Needless to say, June’s budget shortfall of $59.741 billion did not get a negative sign so even more ink was conserved.  Fortunately, the Social Security Administration along with the Departments of Agriculture, Commerce, Homeland Security, Justice, State, and Veterans Affairs  have all pitched in to save the ink by spending more year-to-date than in fiscal 2011.  Not doing their part to save ink are individual tax payers and corporations as tax receipts from both increased. Remember, if spending is less than tax receipts, a negative sign will need to be printed.

Well, there you have it.  Barrels of ink are piling up thanks to the Treasury Department.  As the demand for ink falls, the price should follow.  At some point, another user of ink will find the price suitable and begin buying it for their printing needs.  Perhaps that other user will be the Treasury Department.  Aren’t they in possession of the presses used to create the Federal Reserve Notes that represent the money our central bank keeps manifesting out of thin air?   (by C. Cox)

June Small Business Optimism Index

Monday, July 23rd, 2012

Contests require the ability to tell the contestants apart.  If everyone is vying against each other in a big muddle, winners and losers are hard to distinguish.  Pundits may decry the disconnect between Wall Street and Main Street, but who carries the banner for each?  Wall Street seems easily targeted, bankers and brokers, especially the biggest ten or so companies world-wide.  Main Street may seem more amorphous.  Who speaks for this assemblage of working stiffs, retirees, farmers, and so forth?

Around elections, small businesses get substantial press as the engines of job creation and while it’s true that they are responsible for the majority of new jobs which crop up each year, they can also take credit for destroying the most jobs when times are tough.  It is for this reason we pay some attention to the monthly National Federation of Independent Business (NFIB) survey.  Therefore, in the contest between Wall Street and Main Street, we will nominate this group as spokesman for “the little guy.”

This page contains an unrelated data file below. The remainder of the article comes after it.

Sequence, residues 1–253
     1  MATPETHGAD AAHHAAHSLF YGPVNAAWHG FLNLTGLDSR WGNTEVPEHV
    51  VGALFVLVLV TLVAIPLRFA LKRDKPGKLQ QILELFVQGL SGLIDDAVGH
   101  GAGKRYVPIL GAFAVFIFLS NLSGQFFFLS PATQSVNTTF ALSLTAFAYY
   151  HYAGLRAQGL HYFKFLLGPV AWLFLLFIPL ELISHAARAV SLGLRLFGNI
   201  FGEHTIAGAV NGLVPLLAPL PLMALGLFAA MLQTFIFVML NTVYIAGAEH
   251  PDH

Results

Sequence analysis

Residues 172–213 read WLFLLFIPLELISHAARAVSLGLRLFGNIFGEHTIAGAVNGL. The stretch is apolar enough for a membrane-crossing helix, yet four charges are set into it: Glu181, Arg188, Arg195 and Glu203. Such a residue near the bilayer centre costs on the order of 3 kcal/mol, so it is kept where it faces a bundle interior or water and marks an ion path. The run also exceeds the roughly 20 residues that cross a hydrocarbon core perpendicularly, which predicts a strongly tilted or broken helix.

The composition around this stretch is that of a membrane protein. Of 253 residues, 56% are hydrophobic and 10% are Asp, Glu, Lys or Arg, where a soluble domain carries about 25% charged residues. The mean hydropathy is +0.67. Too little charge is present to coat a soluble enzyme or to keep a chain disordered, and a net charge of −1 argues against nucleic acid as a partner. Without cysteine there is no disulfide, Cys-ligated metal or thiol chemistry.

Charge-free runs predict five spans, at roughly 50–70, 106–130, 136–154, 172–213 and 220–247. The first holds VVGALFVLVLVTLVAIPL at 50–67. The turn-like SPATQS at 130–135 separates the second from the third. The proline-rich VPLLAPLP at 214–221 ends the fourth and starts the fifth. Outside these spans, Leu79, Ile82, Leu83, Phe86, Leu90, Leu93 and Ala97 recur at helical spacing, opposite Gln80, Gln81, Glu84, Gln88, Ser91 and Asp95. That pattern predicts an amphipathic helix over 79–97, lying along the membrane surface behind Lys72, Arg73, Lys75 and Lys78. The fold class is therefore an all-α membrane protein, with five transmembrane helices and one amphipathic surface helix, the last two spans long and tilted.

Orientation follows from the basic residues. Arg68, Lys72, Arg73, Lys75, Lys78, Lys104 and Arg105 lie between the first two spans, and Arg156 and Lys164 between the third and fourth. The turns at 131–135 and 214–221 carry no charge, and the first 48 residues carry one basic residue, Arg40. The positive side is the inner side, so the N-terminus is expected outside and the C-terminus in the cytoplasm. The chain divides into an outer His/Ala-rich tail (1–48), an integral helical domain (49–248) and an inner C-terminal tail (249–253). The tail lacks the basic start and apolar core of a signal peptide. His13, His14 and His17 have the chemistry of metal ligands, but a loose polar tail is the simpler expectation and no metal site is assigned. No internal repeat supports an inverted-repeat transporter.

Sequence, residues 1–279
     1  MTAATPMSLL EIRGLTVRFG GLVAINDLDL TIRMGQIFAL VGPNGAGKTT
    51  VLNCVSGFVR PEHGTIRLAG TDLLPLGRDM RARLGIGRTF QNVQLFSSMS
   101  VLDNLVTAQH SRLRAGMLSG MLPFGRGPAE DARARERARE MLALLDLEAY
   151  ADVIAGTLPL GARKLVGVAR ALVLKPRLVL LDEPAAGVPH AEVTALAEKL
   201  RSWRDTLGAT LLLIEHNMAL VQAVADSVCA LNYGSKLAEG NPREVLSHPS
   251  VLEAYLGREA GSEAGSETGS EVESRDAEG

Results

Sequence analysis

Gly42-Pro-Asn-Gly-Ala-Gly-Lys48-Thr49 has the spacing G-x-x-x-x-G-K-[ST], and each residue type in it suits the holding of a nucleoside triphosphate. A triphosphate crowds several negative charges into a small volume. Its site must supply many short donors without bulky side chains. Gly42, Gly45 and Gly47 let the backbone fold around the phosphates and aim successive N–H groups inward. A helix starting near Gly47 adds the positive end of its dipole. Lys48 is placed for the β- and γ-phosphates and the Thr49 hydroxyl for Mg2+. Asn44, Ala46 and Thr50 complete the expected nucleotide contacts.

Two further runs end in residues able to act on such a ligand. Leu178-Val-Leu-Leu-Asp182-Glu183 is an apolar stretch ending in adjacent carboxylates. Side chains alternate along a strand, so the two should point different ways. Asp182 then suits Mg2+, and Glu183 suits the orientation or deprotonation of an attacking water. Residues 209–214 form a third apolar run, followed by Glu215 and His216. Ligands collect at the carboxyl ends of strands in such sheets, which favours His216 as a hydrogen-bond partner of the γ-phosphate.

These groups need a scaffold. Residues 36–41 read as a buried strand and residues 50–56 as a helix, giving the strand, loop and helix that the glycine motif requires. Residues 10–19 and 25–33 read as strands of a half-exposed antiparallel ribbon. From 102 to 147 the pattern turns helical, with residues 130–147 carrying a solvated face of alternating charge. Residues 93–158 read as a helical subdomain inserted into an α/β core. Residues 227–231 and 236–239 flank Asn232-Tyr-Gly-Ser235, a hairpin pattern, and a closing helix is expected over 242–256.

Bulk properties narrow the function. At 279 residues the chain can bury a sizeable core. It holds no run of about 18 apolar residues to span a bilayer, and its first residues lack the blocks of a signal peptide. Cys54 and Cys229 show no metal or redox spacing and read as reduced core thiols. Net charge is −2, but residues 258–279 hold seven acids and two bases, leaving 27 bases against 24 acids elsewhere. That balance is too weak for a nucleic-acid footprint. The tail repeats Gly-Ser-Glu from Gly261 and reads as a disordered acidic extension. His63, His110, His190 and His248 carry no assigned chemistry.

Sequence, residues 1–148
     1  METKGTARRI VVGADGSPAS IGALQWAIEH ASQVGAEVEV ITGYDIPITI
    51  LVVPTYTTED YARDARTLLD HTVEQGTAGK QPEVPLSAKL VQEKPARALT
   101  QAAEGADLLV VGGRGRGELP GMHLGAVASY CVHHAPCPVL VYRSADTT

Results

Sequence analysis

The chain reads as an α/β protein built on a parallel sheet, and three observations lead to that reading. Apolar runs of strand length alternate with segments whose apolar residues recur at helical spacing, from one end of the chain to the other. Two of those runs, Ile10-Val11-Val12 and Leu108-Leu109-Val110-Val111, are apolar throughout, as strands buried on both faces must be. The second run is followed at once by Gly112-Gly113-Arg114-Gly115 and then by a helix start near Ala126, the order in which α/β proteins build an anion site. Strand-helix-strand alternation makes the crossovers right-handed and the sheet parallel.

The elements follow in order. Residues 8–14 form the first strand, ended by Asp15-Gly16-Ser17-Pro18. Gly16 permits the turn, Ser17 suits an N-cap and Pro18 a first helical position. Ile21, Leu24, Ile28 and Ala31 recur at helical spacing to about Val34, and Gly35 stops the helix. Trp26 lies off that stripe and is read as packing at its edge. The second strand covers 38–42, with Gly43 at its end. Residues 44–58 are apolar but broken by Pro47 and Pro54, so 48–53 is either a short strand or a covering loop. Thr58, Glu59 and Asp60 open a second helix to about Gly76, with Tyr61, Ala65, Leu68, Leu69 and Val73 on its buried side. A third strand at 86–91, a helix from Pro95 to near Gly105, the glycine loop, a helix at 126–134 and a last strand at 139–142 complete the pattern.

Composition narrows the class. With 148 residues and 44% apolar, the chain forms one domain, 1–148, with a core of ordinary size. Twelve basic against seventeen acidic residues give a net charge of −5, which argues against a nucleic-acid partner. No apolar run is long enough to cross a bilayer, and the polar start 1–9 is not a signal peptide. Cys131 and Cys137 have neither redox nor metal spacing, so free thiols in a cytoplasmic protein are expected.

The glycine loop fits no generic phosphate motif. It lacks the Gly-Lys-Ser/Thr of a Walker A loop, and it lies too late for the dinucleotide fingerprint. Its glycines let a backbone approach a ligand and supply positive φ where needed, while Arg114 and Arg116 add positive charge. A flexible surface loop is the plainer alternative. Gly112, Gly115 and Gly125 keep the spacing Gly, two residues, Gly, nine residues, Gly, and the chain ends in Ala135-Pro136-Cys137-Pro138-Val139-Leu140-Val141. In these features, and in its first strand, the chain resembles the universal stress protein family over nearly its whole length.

The NFIB’s Small Business Optimism Index for June posted what they called a “significant” decline, down three points to 91.4 for the month.  This total was below expectations and reverses the year-to-date improvements they had been recording.  More to the point, their job creation factor contracted for the first time this year.  In their own words, “job growth will be far short of that needed to reduce the unemployment rate unless lots of unemployed leave the labor force–no consolation.”  Additionally, both earnings trends and (not surprisingly) plans for capital investment declined.  The report highlighted a special weakness in consumer spending on services.

Optimism requires some degree of certainty.  The June NFIB report said, “With over 20 new taxes contained in the (new health care) law–a price tag of $800 billion–and most of the regulations yet to be written by HHS, the implications for employee costs remain unclear.  Uncertainty reigns supreme for much of Main Street.”  It is certainly hard to imagine how this main source of job creation will be able to assist with our current high unemployment until most of these regulations get put in place.  Given the government’s track record, we don’t expect that to happen any time soon.